Back in 2012, the Mustang Drive-In in Peterborough — with the largest screen in Ontario at the time — closed for good, when the owner was unable to afford the switch to digital projection (more on that later).
And the Port Hope Drive-in was reluctantly forced to raise its prices this season for the first time in five years, to deal with increasing costs.
Even so, 18 drive-in theatres continue to operate in Ontario, with drive-ins located in Fonthill, Grand Bend, Gravenhurst, Guelph, Hanover, Havelock, Kingston, Lindsay, London, Midland, Oakville, Oro-Medonte, Pembroke, Perth, Picton, Port Hope, Sharon, and Tilbury.
A brief history of the drive-in theatre
The concept of the drive-in theatre was invented in the late 1920s by Richard Hollingshead of Camden, New Jersey. The story goes that his overweight mother couldn’t get comfortable in regular movie theatre seats, so Hollingshead came up with the idea of an open-air theatre.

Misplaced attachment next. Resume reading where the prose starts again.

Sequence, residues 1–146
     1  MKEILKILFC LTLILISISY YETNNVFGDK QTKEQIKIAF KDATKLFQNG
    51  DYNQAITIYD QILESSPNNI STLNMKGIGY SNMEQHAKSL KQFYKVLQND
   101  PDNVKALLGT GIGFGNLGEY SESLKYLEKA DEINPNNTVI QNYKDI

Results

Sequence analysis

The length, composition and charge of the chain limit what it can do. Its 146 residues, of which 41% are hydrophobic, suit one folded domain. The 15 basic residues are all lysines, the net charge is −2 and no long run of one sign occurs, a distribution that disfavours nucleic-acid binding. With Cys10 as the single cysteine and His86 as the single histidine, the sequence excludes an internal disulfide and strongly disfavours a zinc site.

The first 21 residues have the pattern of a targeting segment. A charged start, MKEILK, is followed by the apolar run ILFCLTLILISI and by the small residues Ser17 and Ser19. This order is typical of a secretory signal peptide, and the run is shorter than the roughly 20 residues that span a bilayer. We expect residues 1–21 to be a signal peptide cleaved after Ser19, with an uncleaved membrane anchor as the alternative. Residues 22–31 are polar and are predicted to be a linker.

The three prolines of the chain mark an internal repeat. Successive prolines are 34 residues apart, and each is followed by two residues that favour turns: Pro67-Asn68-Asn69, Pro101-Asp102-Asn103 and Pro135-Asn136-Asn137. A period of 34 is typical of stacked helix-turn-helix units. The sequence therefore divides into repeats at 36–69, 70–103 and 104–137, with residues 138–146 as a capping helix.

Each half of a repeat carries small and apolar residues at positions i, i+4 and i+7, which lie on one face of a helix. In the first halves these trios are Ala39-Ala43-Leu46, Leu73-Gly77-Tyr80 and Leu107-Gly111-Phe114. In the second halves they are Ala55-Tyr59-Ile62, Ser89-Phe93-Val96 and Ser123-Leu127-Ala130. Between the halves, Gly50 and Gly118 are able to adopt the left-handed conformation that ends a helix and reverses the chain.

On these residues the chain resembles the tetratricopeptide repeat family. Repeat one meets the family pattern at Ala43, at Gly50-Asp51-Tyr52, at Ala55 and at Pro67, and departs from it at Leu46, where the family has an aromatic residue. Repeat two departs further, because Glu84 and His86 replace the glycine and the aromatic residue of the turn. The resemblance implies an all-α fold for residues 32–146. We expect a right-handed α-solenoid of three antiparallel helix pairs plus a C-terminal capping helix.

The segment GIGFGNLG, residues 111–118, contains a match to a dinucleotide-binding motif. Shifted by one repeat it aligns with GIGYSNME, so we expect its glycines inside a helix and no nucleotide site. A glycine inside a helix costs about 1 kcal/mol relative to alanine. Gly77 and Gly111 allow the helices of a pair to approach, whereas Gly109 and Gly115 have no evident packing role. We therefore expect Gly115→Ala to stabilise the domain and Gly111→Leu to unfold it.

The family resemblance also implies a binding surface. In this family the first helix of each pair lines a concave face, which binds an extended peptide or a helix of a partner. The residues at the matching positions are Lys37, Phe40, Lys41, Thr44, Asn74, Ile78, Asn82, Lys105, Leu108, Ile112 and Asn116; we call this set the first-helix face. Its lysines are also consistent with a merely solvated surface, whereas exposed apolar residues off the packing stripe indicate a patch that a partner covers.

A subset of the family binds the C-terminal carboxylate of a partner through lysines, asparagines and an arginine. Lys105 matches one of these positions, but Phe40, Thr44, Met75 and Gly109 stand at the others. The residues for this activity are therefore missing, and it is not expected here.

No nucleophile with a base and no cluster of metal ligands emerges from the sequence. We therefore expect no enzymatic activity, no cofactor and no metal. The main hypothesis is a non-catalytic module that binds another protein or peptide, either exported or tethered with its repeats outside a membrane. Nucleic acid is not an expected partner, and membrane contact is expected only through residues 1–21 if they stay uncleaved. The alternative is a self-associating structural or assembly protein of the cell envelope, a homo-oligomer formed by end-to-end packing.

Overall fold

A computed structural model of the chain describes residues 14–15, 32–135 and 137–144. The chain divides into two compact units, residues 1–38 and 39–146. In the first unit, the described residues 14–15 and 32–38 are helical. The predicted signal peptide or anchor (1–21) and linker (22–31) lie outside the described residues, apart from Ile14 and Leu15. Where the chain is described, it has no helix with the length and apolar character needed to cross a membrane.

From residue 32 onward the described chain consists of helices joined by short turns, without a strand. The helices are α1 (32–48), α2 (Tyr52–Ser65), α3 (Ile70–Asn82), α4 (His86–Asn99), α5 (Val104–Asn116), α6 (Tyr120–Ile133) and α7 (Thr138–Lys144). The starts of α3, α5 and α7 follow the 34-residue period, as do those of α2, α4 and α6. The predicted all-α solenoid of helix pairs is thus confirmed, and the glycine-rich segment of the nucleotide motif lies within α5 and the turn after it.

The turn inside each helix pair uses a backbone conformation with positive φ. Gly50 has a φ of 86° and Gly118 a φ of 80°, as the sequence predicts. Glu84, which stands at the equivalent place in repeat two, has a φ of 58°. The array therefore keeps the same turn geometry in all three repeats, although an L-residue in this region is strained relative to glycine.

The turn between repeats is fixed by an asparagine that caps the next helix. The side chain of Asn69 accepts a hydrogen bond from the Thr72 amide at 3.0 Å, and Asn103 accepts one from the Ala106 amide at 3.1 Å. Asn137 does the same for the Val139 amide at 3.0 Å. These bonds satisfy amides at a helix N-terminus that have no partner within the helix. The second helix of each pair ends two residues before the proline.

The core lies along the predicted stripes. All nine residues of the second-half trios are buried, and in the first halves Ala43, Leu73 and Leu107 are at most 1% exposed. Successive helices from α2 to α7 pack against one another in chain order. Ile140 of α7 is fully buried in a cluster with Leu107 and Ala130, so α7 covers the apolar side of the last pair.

He mounted a 1928 Kodak movie projector on the hood of his car, projected the film onto a screen made of two sheets nailed between two trees, and placed a radio behind the screen for sound. Eventually he developed a ramp system so cars could park at different heights to see the screen without being obstructed by other vehicles.